A broken link is a signal of poor quality for both your site and your brand. Finding your­self on an error page tarnishes your site expe­ri­ence and sends you looking for another site option. But while a broken link is a well known indi­ca­tor of a poorly constructed site, a similar, yet lesser-known indi­ca­tor is what we refer to as “dead content.” Dead content are site assets that are not linked to any addi­tional content. For example, images and headers that may be perceived by the users as poten­tial links to further infor­ma­tion and site content, but when clicked, yield no further infor­ma­tion.

If traffic is the lifeblood of a website, and a site gets healthy circu­la­tion to its deeper, lower level pages through its link struc­ture, dead content clicks are an indi­ca­tor of poor circu­la­tion.

Bad Traffic Circulation

Unfor­tu­nately, many sites have dead content on pages that are vital to user navi­ga­tion. In general, the higher-level the page, the more the page is respon­si­ble for getting users to content that is specific to their need or inter­est. The home­page, the highest-level page on any site, and in many cases, the landing page, is an extremely impor­tant page in the user’s navi­ga­tion process. And yet I’ve seen many exam­ples of home­pages with dead content. Users expect every element on the home­page to link to further infor­ma­tion. Whether it is text, images, or rotat­ing banners that promote your prod­ucts or services, users expect those assets to link to more infor­ma­tion on the products/services they promote.

Users often click on dead assets more than once expect­ing to be linked to another page. So how do we collect infor­ma­tion on those clicks in order to improve linking on our site? Typi­cally this is an action over­looked by webmas­ters. Broken links that yield errors are a more visible problem, but a site with dead content can also hurt a user’s percep­tion of the site and brand. It can lead to frus­tra­tion and bounce. Further, it’s a diffi­cult problem to track prop­erly. Whereas you can easily mark errors as pageviews in your analyt­ics program, record­ing a click on dead content is more chal­leng­ing. Depend­ing on the size of your site, it can take hundreds of hours for a devel­oper to manu­ally tag every possi­ble asset through­out the site, whether it’s linked or not, simply to see if users attempt to click on it.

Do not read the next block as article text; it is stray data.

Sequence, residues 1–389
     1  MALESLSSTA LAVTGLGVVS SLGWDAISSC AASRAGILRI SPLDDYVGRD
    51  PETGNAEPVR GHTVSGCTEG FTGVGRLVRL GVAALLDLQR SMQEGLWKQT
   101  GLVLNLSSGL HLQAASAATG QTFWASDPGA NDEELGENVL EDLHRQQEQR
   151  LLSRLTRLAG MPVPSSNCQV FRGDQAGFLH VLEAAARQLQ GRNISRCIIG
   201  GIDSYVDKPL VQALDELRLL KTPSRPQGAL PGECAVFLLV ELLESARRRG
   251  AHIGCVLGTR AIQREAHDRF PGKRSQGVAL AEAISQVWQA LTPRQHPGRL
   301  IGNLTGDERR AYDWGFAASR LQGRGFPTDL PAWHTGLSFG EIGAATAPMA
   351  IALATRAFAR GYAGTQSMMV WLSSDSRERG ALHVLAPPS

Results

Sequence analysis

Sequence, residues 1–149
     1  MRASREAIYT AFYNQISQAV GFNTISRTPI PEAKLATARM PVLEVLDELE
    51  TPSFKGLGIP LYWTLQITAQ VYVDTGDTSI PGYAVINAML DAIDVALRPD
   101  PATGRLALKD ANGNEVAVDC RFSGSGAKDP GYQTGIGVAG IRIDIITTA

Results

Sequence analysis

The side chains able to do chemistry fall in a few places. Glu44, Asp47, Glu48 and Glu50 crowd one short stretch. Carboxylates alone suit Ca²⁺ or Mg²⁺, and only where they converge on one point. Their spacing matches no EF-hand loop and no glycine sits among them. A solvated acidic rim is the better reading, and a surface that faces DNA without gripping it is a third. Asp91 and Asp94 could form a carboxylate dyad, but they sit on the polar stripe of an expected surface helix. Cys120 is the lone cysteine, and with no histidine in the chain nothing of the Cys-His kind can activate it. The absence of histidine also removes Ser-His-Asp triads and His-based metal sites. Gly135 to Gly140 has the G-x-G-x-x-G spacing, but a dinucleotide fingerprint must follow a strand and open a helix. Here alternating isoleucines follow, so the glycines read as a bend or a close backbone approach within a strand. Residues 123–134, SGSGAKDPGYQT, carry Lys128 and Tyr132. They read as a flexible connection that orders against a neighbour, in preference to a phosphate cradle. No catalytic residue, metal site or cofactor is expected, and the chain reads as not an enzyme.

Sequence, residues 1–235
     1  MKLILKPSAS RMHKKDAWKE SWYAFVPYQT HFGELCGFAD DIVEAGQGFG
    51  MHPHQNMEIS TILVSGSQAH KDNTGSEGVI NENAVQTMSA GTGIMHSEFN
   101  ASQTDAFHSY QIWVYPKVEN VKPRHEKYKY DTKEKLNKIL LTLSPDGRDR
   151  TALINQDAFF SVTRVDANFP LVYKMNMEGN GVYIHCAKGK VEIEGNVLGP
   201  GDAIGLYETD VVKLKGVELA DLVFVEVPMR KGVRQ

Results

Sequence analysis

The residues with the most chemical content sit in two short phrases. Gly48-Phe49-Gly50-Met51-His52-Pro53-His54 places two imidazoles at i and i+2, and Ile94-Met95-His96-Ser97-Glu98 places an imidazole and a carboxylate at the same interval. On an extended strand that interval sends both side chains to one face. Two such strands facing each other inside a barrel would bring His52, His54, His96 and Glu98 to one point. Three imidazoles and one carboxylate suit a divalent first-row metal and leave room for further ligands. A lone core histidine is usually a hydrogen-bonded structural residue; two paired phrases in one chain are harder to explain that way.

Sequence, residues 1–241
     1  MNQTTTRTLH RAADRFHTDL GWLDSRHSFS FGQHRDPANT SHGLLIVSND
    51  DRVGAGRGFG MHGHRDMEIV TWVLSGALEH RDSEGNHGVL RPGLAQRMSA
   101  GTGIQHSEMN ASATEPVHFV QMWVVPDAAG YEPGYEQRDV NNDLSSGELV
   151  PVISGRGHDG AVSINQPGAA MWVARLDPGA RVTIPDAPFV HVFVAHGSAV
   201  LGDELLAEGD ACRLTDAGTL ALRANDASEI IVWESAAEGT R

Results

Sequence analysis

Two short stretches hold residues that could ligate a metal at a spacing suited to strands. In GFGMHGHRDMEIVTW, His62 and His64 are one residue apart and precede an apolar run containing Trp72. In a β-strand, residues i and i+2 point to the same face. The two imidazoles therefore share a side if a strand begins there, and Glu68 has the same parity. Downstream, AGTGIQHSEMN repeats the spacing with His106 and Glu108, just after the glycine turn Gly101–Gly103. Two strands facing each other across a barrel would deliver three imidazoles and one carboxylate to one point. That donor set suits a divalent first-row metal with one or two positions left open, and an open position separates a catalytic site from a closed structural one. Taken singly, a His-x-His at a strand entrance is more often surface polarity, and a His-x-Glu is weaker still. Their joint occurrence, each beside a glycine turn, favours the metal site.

Some websites work around analyt­ics and use click mapping programs in order to see where users are click­ing on the page. Programs like this provide what looks like a heat map of clicks and gives you only a rough idea of what assets are being clicked most on the page. In order to get accu­rate infor­ma­tion on what “dead content” is being clicked, webmas­ters need a better web analyt­ics solu­tion.

As an answer to this problem, Search Discovery has incor­po­rated dead content track­ing into Satel­lite, our Google Analyt­ics imple­men­ta­tion tool. By placing a short code script in the header of each page on your site, Satel­lite auto­mat­i­cally crawls the HTML and creates on-click events. Once a user clicks on dead content, the tool reports the file name of the clicked asset in Google Analyt­ics (within an Events report under the section Dead Content Clicks). Satel­lite reduces the amount of time devel­op­ers spend on tagging pages by hundreds or poten­tially thou­sands of hours. Through Satel­lite, you get accu­rate infor­ma­tion about the dead content that users are inter­act­ing with on your site.

Current Satel­lite clients are able to deter­mine areas of poten­tial frus­tra­tion for users and what content sections users need expanded.  Once you are able to see what dead content gets clicks, you can ensure that content links to related assets.  For Satel­lite clients seeing users click­ing on dead content 3 or more times, we recom­mend devel­op­ing more content on topics related to the dead content. Click­ing on dead content is an indi­ca­tor that users want expanded infor­ma­tion on a subject or want that infor­ma­tion in a differ­ent format.

Consider how track­ing dead content could improve the usabil­ity of your site and the percep­tion of your brand. And check out Satel­lite, which on top of track­ing dead content, also auto­mat­i­cally tracks all down­loads, outbound links, email links, and mobile phone and map use.